The Hidden Moderator Part I – Do we pay sufficient attention to piloting in replication studies?

Blog post written by Hans IJzerman & Ivan Ropovik

What constitutes a successful replication (1)? While a seemingly easy question, what the correct answer is has been rather controversial. The question as to what constitutes a successful replication has spurred intense debates about hidden moderators (Most Psychology Twitter Users, 2016-2017) and context sensitivity, often to the point of escalation. One prominent example was the Reproducibility Project Psychology (RP:P), which successfully replicated 36% of 100 psychology experiments (2). The main criticisms were directed at whether the original studies were successfully redesigned or not to test the original ideas. In this blog post we discuss the importance of piloting by reporting on our first pilot study of the renewed replication attempt of Förster et al. (2008), which is part of a follow up project to RP:P: Many Labs 5.

Does evaluating psychological research require more than attention to the N?

One frequent criticism that has been directed at replication research is that “replicators” seek to repeat the design of the original study, rather than paying attention to the psychological mechanism being tested. Both Schwarz and Clore (2016) and Gilbert et al. (2016) direct their criticism toward insufficient attention being devoted to the psychological mechanism under study.  Schwarz and Clore (2016) for example state that the “implementation of independent variables is frequently a mix of earlier results and personal intuition, further highlighting the need for sensible manipulation checks and converging evidence across different manipulations”.

The oft heard response to this criticism is that the efficacy of any replication attempt can be thought of as insufficient post-hoc and by invoking these so-called “hidden moderators” regardless how likely other explanations of the replication result may be, the falsification of the original study is near to impossible. We are sympathetic to both of these views. However, for a scientifically valid theory, “personal intuition” (or undisclosed auxiliary assumptions; Earp & Trafimow, 2015) is insufficient (3). This means that in past (original) research, designs and measures have usually been suboptimal to specify the necessary preconditions required to successfully test psychological theories.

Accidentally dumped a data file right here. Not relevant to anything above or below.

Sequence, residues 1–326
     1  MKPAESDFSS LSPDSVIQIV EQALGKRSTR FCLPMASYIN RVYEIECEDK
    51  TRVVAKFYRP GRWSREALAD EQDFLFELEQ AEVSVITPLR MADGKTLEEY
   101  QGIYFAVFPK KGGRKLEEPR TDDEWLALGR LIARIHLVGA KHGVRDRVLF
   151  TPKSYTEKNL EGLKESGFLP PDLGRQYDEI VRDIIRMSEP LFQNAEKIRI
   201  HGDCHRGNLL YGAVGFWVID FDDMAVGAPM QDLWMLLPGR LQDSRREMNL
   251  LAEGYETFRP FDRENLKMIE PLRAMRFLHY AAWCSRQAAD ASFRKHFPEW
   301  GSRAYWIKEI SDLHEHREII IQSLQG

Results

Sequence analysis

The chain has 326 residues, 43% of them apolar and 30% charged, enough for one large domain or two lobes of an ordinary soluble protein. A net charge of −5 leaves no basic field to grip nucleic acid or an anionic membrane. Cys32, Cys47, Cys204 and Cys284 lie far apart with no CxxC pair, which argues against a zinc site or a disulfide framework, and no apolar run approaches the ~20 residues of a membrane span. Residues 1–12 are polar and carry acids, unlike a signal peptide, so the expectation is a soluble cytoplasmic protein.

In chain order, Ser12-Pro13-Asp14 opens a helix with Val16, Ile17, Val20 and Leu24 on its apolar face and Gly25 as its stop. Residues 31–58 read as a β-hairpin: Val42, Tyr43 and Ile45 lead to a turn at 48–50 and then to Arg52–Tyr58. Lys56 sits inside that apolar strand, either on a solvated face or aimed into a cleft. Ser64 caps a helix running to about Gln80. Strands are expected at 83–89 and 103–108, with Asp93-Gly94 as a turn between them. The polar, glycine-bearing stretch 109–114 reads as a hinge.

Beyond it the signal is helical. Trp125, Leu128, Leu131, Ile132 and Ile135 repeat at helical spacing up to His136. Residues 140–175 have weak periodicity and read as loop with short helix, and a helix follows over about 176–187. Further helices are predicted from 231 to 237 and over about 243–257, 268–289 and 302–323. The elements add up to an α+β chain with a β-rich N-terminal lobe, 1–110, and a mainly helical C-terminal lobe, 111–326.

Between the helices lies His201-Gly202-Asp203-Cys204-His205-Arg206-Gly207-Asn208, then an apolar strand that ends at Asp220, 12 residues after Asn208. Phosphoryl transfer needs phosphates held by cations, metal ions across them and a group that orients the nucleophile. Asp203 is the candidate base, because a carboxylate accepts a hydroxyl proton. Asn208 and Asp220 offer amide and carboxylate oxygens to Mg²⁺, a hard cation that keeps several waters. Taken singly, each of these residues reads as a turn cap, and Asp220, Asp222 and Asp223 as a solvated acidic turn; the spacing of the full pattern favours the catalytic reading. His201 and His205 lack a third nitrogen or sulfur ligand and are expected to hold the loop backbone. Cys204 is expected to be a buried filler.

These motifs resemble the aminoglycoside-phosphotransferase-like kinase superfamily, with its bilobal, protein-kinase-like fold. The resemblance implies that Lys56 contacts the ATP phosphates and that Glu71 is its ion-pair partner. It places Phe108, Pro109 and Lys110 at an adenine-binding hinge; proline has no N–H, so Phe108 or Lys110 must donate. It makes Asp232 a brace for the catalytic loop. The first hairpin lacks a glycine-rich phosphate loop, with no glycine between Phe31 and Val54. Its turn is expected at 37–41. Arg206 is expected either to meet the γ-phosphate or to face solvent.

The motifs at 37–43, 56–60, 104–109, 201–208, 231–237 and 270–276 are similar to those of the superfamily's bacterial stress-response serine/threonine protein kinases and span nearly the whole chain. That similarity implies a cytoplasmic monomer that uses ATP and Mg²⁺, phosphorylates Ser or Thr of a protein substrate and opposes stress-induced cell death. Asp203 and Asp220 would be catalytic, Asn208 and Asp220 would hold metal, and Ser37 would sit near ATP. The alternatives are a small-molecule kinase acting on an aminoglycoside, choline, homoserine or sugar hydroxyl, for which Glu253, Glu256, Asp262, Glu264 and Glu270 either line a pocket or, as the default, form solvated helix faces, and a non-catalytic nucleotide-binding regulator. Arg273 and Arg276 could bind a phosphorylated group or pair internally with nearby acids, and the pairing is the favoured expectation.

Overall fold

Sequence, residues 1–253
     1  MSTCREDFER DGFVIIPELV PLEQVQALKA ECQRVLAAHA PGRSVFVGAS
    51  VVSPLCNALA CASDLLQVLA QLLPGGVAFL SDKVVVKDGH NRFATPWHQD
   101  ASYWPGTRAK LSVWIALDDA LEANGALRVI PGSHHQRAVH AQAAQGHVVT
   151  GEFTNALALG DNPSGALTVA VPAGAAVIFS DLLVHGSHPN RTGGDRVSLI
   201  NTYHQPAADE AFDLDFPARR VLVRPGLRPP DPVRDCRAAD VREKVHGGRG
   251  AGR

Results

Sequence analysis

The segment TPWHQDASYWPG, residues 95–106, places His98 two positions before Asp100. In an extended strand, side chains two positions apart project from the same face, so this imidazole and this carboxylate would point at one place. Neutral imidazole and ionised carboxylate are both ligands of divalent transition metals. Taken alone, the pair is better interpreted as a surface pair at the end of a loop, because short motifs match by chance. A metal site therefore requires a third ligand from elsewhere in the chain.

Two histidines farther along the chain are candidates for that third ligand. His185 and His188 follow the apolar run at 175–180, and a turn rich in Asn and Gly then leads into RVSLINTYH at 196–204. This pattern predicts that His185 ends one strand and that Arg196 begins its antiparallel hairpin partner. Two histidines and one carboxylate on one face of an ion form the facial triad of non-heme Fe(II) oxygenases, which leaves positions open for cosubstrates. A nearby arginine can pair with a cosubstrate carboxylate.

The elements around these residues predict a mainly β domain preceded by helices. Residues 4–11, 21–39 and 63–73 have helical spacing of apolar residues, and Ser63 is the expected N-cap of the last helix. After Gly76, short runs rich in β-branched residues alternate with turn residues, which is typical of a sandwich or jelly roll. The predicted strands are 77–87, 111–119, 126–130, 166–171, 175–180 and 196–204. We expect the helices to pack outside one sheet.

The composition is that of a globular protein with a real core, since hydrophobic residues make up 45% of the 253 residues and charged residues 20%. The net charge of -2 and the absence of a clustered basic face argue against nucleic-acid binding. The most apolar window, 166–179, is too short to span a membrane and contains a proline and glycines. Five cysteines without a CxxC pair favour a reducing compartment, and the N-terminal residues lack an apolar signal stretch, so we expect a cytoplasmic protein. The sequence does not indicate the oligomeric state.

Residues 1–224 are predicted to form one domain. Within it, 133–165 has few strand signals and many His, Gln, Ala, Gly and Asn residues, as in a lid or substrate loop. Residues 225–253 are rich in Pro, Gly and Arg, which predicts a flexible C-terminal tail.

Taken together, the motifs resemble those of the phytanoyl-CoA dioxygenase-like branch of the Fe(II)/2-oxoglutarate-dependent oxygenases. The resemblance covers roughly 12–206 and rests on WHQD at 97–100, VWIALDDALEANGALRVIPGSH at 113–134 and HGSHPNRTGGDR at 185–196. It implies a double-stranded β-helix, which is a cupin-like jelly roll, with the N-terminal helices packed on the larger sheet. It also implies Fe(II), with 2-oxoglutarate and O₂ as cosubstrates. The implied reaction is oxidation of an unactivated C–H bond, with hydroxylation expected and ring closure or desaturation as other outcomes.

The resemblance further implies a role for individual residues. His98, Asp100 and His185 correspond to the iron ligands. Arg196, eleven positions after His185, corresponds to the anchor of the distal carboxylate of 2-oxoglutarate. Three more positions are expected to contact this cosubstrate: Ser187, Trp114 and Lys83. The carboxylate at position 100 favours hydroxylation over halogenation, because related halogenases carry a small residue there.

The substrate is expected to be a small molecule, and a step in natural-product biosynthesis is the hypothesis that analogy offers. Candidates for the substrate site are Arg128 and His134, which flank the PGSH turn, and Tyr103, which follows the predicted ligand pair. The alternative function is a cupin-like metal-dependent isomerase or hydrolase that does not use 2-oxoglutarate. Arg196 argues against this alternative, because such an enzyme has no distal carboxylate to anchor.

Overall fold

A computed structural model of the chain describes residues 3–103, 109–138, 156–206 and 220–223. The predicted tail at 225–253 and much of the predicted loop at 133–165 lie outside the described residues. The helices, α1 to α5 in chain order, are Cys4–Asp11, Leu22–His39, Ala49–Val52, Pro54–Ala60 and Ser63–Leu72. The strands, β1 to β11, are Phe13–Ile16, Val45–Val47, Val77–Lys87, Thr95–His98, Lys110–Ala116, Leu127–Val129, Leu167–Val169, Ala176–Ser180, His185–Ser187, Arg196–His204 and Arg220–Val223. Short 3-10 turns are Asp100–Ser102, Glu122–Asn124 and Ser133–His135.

Brandt et al.’s (2014) Replication Recipe provides one solution, as they discuss the worth of original materials and how we can determine what constitutes a close versus conceptual replication. In stating that materials for a replication study can be adapted, they stipulate that manipulations and measures should be piloted prior to the actual replication attempt (and that the assumptions regarding the meaning of the stimuli should be clearly specified a priori). These differences can be captured in a pre-registered Replication Recipe, integrated into the Open Science Framework (4).

Many Labs 5: A Follow Up to the RP:P

But why change the original materials to fit a new context? Schwarz and Clore (2016) correctly pointed to the fact that from RP:P “11 replications used procedures that the original authors considered inappropriate prior to data collection; 10 of them failed (5).“ This led a group of researchers, led by Charlie Ebersole, to design a follow up, in which the main question is whether protocols approved by original authors (or similarly qualified experts) would lead to greater replication success than non-approved protocols.

One of the failed replications where the original authors disagreed on the protocol was the study by Förster et al. (2008), for which we have designed a second follow up replication. In the original paper, the authors found that after priming a concept (such as “aggressive”), people assimilated that concept into their social judgments (e.g., rate a person as being more aggressive compared to a control condition) versus contrast their judgment away from the prime (e.g., rate the person as being less aggressive compared to a control condition). In this original study, people solved a word puzzle priming aggressiveness (vs. control), followed by a global (vs. local) prime by attending to a larger map (versus details of the map), after which they rated a character in a scenario on its aggressiveness. A close replication by Reinhard (2015) could not detect the same effects.

The original authors’ provided post-hoc criticism; this criticism was directed toward the efficacy of the prime (applicability) and the ambiguity of the scenario (target ambiguity). And they seemed to be right: Indeed, the prime did not work and the scenarios were not regarded as ambiguous by the participants in the replication study. These auxiliary assumptions are thus now turned into falsifiable predictions.

Putting the idea to the test: Target Ambiguity